When nations want to improve sporting performances from a very mediocre level, to alter the existing organizational inertia it is often necessary to centralize a system to bring things under control and to set programs in motion. Quick and impressive successes can be achieved with such a marked reorientation of organization and services. That is what happened with Russian swimming. It also happened in Canada in the 1970s, and in Australia in the early 1980s with the opening of the Australian Institute of Sport. However, because centralized organization is initially successful and works as a stimulus or catalyst for improvements in the rest of the country, does not mean that it will always serve that function. In one sense, it can be said to be a form of shock treatment for a country's sport. In time, centralized control has to yield to some decentralization to accommodate individual needs that will be superimposed on the improved states generated by centralized programmatic thrusts.

A failure to decentralize to some extent will have suppressive effects on sports development. To a large extent that is what has happened in Canada. In the 1970s there was a big central thrust from the government that situated all the sport organizations in Ottawa. Canada improved dramatically over a short period of time. Since those governmental institutions still largely remain, and there has been a resistance to decentralize, Canadian sport in general has declined on the international scene. There are one or two sports that have excelled in Canada (e.g., rowing) but more which have declined markedly since the late 1970s and very early 1980s (e.g., swimming).

In the case of Australian swimming and sport, the centralization that was concretely depicted by the edifices of the AIS had a notable impact on national sporting performances. Don Talbot's original efforts as the first Director of the AIS prodded Australian sport to "wake-up" and quickly contributed to dramatic results at the Brisbane Commonwealth Games in 1992. The Federal government had done things very much better than the states. However, the federal government still wants to hold the AIS in place, despite the fact that its products are not as good as they were nor are athletes as interested in buying into its scholarship scheme.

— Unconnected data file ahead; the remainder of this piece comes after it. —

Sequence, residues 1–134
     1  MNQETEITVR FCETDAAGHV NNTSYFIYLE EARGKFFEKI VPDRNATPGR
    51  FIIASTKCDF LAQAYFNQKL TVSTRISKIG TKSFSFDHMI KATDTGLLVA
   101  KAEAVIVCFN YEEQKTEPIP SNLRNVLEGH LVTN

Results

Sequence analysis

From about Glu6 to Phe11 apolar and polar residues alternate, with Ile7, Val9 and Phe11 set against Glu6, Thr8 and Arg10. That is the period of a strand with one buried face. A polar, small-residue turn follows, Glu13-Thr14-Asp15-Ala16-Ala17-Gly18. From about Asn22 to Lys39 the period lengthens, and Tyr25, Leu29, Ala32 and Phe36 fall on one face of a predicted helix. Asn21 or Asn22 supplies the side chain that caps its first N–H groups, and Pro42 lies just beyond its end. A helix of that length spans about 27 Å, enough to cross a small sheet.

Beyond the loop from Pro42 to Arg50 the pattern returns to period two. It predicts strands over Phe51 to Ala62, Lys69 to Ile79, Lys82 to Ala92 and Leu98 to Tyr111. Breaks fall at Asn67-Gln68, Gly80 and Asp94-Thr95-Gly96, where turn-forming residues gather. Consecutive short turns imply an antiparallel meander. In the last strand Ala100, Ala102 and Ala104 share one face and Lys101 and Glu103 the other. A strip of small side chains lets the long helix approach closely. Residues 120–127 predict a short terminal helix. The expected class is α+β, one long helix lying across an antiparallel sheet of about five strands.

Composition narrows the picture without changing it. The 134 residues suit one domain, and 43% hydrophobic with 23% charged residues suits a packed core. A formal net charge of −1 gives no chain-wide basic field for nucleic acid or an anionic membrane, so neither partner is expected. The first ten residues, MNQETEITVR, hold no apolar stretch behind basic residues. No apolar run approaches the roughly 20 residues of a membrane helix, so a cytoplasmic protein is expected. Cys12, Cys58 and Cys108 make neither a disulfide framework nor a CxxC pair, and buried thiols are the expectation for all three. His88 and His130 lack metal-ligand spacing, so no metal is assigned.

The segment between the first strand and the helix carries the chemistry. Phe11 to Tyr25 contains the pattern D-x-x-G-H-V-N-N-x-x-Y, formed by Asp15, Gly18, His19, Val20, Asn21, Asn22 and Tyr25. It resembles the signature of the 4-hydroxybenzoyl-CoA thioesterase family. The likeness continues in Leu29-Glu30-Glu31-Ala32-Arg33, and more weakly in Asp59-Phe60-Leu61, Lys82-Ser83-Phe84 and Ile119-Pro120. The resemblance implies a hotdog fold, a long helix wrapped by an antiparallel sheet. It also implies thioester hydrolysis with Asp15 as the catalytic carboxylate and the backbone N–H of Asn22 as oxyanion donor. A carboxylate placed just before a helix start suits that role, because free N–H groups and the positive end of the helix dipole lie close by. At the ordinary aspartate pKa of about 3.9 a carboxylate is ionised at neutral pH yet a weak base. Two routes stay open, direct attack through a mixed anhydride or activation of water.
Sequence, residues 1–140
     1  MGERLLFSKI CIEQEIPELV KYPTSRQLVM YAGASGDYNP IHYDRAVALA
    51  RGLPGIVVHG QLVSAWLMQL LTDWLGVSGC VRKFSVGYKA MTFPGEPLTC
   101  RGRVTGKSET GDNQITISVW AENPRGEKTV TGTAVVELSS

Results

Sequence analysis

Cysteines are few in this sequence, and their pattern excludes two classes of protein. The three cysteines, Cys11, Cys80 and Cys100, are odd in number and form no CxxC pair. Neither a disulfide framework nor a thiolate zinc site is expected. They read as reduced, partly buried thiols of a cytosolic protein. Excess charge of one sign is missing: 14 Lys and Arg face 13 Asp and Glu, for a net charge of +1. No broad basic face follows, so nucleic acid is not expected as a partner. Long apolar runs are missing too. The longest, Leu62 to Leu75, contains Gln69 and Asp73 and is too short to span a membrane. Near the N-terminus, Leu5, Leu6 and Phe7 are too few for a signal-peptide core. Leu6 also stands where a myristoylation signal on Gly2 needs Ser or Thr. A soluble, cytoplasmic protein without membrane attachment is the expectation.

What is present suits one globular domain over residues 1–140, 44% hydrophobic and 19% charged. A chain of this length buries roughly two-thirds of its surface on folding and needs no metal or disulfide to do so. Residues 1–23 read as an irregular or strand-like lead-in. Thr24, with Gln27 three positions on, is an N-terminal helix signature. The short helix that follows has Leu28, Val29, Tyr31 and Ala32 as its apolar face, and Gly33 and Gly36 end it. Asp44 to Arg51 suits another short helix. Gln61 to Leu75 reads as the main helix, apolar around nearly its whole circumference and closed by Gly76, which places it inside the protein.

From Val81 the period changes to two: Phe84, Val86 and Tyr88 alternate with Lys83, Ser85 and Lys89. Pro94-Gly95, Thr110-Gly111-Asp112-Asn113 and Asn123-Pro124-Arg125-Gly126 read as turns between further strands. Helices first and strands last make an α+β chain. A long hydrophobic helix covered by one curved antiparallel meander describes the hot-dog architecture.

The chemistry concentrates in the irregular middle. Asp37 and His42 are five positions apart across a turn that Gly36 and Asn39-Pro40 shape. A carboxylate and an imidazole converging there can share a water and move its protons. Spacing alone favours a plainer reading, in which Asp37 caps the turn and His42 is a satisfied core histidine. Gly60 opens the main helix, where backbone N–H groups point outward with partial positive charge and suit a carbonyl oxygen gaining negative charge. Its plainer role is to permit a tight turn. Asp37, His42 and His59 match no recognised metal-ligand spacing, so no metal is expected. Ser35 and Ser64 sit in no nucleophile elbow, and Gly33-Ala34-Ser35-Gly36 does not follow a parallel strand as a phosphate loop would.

With national organizations it is necessary to "jolt" the community into reaction by centralizing activities to simulate performance improvement. However, in time, that centralization must be decentralized once again to allow the individuality which is the prevalent "cultural force" of democracies to propel performance development even further.

What does this digression have to do with Russian swimming? For the Russian athletes undergoing centralized training, a major motivation became going home, rather than winning international events. Fewer and fewer club coaches wanted to give their best effort to coaching athletes to only have them whisked off to be coached by the national team staff. There became an increasing resistance of talented athletes wanting to join the national team. These are symptoms that exist in Australian swimming with regard to participating in AIS programs.

There was another disturbing development in Russia that is analogous to what is happening in Australia. The national team staff came to view the "program" or "organization" as being more important than individual athletes. Swimmers were used solely as a means of promoting the "team." Absaliamov expressed this as follows:

". . . the "brigade" coaches ceased to value the individual swimmer, to look after him or her, and try to find the most suitable exercises and training methods. Something goes wrong with a swimmer kick him out of the team and get a new one to replace him. . . . the beautiful expensive machine, which had churned out victories and records, began to skid." (p. 5)

The head of the Russian program (Serguei Vaitsekhovsky) found it difficult to concede central control and his habitual method of coaching, and resigned as chief coach.